This document is available in three formats: this web page (for browsing content), PDF (comparable to original document formatting), and PowerPoint. To view the PDF you will need Acrobat Reader, which may be downloaded from the Adobe site. For an official signed copy, please contact the Antitrust Documents Group.

Slide 1

LATHAM & WATKINS LLP

Remedies for Monopolization

Tad Lipsky
Washington, D.C.
March 28, 2007

Latham & Watkins operates as a limited liability partnership worldwide with an affiliate in the United Kingdom and Italy, where the practice is conducted through an affiliated multinational partnership ©Copyright 2007 Latham & Watkins. All Rights Reserved.


Slide 2

Essential Facilities and Mandatory Access

No Sense Pretending

  • If the “essential facility” and “inability to duplicate” elements of the EFD are met, a classic declining-cost situation is likely presented

  • The viability of any and every regulatory alternative becomes debatable – including “do nothing”

  • Likely EFD flaw – lack of capacity could be marker for benefits of intervention

  • Essential IP – where “inability to duplicate” is imposed by IP law, antitrust intervention is in tension with reward rationale

LATHAM & WATKINS LLP


Slide 3

Essential Facilities and Mandatory Access

Access Remedies – Costs and Complications

  • Complexities of access pricing
      Concepts and measurements debatable – return, cost, etc.

  • Endless evasion possibilities
      Reluctance to build capacity and make it available
      Reluctance to offer and transact
      Reluctance to install, repair, etc.

  • Sacrifices economies of integration

  • Specific problems of administration through judicial/executive consent-decree enforcement

  • Strategic behavior – litigate rather than innovate

LATHAM & WATKINS LLP


Slide 4

Essential Facilities and Access Remedies

Nevertheless . . .
Mandatory access has benefits and deserves consideration

  • Can access be dealt with through an established regulatory mechanism?
      United States v. Terminal Railroad (1911) (ICC)
      United States v. AT&T (1982) (FCC)
      But see United States v. Otter Tail Power (1973) (FPC lacked authority to impose access obligation at the time)

  • Is access already defined by commercial practice?
      Gamco v. Providence Fruit & Produce Building (1952)
      United States v. Associated Press (1945)

  • Are there likely dynamic efficiencies?
      United States v. AT&T – necessary for mobile/IP/broadband?

LATHAM & WATKINS LLP


Slide 5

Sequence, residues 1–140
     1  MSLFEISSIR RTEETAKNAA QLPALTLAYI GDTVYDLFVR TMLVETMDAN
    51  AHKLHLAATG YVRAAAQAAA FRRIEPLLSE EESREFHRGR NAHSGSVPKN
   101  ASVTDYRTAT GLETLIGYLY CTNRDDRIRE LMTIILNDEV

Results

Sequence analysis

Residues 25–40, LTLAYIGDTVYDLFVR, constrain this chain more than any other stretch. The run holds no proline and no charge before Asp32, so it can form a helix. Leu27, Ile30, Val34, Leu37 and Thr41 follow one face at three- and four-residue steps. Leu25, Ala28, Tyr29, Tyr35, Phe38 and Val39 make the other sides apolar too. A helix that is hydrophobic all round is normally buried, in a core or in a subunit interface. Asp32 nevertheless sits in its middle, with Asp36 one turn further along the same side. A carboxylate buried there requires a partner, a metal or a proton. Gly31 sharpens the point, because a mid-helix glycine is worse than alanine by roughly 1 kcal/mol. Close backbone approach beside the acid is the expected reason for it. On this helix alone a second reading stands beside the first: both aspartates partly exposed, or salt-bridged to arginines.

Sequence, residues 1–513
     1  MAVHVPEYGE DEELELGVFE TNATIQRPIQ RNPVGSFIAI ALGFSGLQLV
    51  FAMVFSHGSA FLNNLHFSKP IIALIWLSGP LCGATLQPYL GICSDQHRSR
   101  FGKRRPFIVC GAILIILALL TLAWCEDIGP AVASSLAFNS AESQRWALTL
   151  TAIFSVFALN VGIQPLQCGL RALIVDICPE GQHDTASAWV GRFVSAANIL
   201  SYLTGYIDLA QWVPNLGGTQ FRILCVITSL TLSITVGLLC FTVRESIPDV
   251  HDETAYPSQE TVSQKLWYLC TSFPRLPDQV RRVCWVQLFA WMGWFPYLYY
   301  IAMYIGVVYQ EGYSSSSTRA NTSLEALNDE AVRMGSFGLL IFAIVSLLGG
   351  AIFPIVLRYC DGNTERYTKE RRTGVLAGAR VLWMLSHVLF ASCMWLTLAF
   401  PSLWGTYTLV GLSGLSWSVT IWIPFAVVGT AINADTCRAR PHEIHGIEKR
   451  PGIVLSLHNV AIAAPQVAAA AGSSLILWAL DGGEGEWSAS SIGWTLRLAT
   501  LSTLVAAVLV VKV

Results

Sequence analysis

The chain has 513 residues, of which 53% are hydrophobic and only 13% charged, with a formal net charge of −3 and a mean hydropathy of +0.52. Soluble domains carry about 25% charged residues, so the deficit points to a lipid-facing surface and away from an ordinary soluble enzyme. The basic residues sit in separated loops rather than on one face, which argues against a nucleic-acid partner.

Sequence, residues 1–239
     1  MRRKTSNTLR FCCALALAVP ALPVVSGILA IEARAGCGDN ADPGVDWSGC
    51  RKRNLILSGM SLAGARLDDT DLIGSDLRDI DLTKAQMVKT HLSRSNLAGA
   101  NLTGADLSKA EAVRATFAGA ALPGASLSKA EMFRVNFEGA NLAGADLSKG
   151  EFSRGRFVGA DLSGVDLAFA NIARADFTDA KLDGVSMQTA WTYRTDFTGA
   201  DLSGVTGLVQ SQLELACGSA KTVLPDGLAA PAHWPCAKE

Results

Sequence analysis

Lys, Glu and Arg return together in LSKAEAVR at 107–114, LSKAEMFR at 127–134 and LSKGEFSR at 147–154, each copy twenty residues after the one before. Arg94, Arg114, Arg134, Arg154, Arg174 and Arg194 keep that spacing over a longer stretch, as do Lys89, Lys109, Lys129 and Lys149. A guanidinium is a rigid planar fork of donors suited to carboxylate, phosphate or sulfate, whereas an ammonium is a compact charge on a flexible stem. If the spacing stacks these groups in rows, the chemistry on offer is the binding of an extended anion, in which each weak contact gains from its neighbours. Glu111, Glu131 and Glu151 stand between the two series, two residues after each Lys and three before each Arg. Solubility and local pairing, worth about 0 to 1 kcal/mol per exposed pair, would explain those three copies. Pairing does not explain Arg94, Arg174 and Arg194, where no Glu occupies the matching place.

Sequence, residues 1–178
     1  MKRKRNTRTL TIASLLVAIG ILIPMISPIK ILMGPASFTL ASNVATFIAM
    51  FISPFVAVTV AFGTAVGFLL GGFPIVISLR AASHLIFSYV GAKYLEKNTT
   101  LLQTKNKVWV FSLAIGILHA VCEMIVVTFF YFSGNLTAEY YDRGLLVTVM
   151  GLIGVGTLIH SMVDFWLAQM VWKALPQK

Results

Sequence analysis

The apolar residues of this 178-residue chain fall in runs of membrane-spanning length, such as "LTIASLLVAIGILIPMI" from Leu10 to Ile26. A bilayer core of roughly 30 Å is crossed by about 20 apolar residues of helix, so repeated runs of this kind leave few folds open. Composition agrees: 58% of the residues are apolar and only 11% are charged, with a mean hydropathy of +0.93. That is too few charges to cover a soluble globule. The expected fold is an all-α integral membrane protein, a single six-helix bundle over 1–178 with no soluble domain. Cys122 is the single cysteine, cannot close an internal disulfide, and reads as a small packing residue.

Institutional Aspects of Antitrust Remedies

The Need for Speed

  • Identified sound goals are essential to success
      United States v. IBM Corp.
        Expanding/shifting theories and questionable procedural approach doomed possibility of much narrower but quickly successful case

      United States v. Microsoft Corp.
        Per-processor license phase: complaint to decree in one year (not counting FTC phase) – provides flexibility and minimizes error cost
        Broader “platform software” phase: lessons complicated by shifts in theory/remedy fit and procedural developments

      United States v. Western Electric Co./AT&T Co.

        Theories shifted from long-lines to equipment to local monopoly
        Ultimately, coherent approach suggested workable remedy

LATHAM & WATKINS LLP


Slide 6

Institutional Aspects of Antitrust Remedies

  • Legislative Role
    A perennial challenge where economic regulation is concerned

  • Administrative Regulation Role
    Reflection of the legislative challenge – unclear mandate means incoherent regulation

  • Executive Role
    Traditionally somewhat better directed in terms of policy coherence
    Not immune from distractions and other agendas

  • Judicial Role
    Capacity for targeted change under specific conditions
    Not immune from weaknesses of administrative regulation, distractions and other agendas

LATHAM & WATKINS LLP


Slide 7

Conclusions

Successful antitrust case must have three characteristics

  • Legally sound

  • Based on sound economics

  • Identifiable remedy that is both capable of effective administration and likely to improve consumer welfare

Identifying good candidates for structural cases

  • Importance

  • Long-term performance issues

  • Balanced assessment of policy alternatives – do nothing, apply antitrust, “other”
LATHAM & WATKINS LLP